MOSCOW. (RIA Novosti political commentator Dmitry Shusharin) – The inauguration of Ramzan Kadyrov, the new president of Chechnya, has added color to Russian political life – a serious political event was the subject of mockery for the first time. A group of young people gathered at the Chechen Republic’s Moscow mission to congratulate Mr. Kadyrov on his new position and nominate him for the Russian presidency. One of the slogans was “Putin today – Kadyrov tomorrow.” Strictly speaking, this was not open challenge to Kadyrov or the federal authorities, but in reality this action reflected what a large proportion of citizens and public associations with diverse political views think about Kadyrov’s presidency – not much, to put it mildly.

Ramzan Kadyrov irritates both Western-democracy-oriented human rights activists and those who consider themselves patriots of Russia. The former cite numerous evidence of his complicity in abductions, murders and tortures. The latter are furious that a former warlord has assumed power in Chechnya after a lengthy war. Moreover, he inherited this power from his father Akhmad. In other words, a Russian region has modeled itself on Azerbaijan, Syria and North Korea.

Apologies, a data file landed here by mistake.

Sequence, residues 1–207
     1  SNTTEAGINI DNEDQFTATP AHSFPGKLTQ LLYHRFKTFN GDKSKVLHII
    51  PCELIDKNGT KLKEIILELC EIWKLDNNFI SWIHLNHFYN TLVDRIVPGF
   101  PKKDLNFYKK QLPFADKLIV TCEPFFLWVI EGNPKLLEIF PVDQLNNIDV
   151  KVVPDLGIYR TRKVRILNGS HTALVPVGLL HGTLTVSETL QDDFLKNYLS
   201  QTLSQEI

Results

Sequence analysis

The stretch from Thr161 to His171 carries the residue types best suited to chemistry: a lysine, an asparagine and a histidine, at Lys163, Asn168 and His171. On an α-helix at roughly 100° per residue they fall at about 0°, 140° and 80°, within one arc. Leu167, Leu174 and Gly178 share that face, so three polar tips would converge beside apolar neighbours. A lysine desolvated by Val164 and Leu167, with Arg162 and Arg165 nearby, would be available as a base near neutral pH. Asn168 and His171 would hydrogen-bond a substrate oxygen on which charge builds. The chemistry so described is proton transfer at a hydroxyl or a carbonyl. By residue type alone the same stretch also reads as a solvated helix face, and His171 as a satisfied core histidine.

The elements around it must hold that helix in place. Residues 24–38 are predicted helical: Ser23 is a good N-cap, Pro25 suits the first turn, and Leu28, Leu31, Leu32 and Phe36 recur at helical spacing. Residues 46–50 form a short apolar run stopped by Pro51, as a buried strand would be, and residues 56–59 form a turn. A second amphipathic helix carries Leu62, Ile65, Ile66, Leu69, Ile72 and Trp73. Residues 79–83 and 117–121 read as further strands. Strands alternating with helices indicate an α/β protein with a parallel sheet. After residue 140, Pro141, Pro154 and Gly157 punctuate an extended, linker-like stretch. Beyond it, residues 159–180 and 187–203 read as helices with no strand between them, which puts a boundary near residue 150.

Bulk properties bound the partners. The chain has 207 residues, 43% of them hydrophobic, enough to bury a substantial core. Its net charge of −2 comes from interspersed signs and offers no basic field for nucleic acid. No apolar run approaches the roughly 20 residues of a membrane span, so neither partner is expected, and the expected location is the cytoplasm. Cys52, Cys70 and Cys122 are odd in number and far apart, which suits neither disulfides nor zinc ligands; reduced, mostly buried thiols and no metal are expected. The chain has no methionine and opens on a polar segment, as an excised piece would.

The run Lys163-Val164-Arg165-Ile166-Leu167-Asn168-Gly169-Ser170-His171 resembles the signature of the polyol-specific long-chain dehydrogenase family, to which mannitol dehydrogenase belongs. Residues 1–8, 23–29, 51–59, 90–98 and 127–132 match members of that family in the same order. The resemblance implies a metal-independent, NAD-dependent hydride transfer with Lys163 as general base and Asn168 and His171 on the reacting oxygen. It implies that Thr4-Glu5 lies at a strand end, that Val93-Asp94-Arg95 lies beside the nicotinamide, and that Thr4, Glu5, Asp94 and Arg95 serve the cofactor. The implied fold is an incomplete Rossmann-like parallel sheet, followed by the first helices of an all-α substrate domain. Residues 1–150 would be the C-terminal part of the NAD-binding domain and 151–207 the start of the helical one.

The gathering near the mission was preceded by a campaign to change the name of Akhmad Kadyrov Street in Moscow to Pskov Paratroopers Street in memory of the tragic fate of the 6th company of the Pskov Airborne Division, which died a heroic death in Chechnya. The campaign’s opponents argued there was nothing wrong with immortalizing Akhmad Kadyrov’s memory because his defection to the side of the federal government saved many lives. By the same logic, betting on his son was a good thing because there was no other way of pacifying Chechnya. The only option was to come to terms with one of the warring clans by giving it power in the rebellious republic.